Prisoner of the Rising Sun

The Lost Diary of Brig. Gen. Lewis Beebe

978-1-58544-481-6 Cloth
6 x 9 x 0 in
272 pp. 6 maps. 9 illus. 13 b&w photos. 1 cartoon.
Pub Date: 02/15/2006


  • Cloth $44.95 s
A never-before-published account of the experience of an American officer at the hands of Japanese captors, Prisoner of the Rising Sun offers new evidence of the treatment accorded officers and shows how the Corregidor prisoners fared compared with the ill-fated Bataan captives.

When Japanese aircraft struck airfields in the Philippines on December 8, 1941, Col. Lewis C. Beebe was Gen. Douglas MacArthur’s chief supply officer. Promoted to brigadier general, he would become chief of staff for General Wainwright in early March, 1942. From his privileged vantage point, Beebe kept diary records of the Japanese invasion of the Philippines, their advance to Manila and capture of the Bataan Peninsula, and their assault on Corregidor. On May 6, Japanese troops assaulted Corregidor and secured the island in less than twelve hours. Beebe was among those captured and held prisoner until the end of the war in the Pacific, more than four years later.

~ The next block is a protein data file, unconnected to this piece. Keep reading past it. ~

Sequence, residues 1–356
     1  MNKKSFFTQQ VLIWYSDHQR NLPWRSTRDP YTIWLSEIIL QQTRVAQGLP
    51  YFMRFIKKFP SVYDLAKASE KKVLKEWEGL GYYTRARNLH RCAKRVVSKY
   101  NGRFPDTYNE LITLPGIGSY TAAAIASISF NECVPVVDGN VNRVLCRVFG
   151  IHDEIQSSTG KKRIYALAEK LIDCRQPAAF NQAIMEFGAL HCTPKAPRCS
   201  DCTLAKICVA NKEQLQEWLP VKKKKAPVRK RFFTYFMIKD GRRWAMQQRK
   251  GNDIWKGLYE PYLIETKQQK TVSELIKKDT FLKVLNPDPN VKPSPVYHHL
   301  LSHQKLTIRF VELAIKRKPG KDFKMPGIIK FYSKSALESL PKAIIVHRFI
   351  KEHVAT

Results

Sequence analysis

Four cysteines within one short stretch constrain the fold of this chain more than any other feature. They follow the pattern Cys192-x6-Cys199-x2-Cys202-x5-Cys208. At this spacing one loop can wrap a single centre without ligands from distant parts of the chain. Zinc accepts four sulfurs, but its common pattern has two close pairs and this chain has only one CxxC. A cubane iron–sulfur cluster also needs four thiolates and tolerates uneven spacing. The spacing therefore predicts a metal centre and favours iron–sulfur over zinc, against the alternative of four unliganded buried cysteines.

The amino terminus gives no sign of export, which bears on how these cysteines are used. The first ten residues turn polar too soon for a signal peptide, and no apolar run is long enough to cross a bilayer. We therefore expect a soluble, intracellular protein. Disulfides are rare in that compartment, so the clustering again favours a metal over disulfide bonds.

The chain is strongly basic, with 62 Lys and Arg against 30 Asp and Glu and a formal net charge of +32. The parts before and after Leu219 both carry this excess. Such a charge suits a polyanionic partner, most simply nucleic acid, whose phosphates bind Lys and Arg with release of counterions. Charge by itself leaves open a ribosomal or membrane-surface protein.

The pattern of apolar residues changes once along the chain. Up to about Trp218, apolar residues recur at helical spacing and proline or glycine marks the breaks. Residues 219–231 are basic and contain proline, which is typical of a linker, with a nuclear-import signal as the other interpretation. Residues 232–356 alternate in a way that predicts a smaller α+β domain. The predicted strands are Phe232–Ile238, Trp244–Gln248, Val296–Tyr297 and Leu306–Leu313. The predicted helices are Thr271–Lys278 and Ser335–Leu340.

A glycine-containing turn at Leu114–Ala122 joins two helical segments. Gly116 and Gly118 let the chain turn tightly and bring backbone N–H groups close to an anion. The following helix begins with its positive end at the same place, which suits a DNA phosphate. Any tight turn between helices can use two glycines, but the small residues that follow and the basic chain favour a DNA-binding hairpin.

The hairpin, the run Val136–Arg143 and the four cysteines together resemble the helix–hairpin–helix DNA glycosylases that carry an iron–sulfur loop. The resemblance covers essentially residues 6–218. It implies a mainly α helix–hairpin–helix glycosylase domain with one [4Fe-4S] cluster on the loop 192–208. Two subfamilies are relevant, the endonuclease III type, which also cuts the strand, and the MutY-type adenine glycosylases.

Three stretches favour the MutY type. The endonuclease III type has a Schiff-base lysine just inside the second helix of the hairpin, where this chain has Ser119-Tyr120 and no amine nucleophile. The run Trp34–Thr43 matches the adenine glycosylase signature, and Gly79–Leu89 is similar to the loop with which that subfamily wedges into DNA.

During his captivity, Beebe managed to keep a diary in which he recorded the relatively benign treatment he and his fellow officers received (at least in comparison with the horrific conditions described in the better-known accounts of less high-ranking POWs held by the Japanese elsewhere). He reports on poor rations, less than adequate medical care, and field work in camps in the Philippines, on Taiwan, and in Manchuria. He also describes the sometimes greedy and selfish behavior of his fellow captives, as well as a lighter side of camp life that included work on a novel, singing, POW concerts, and Red Cross visits. His philosophy demanded that captivity should be borne with optimism and self-respect.

Annotation and an epilogue by General Beebe’s son, Rev. John M. Beebe, add details about his military career, and an informative introduction by historian Stanley L. Falk places the diary in the context of the broader American experience of captivity at the hands of the Japanese. The diary itself not only provides new details of the treatment of officers by the Japanese army, but also offers a glimpse into the psyche of one of the members of the Greatest Generation who transformed his captivity by using it to sort out what was most important in life.

Williams-Ford Texas A&M University Military History Series

Published by Texas A&M University Press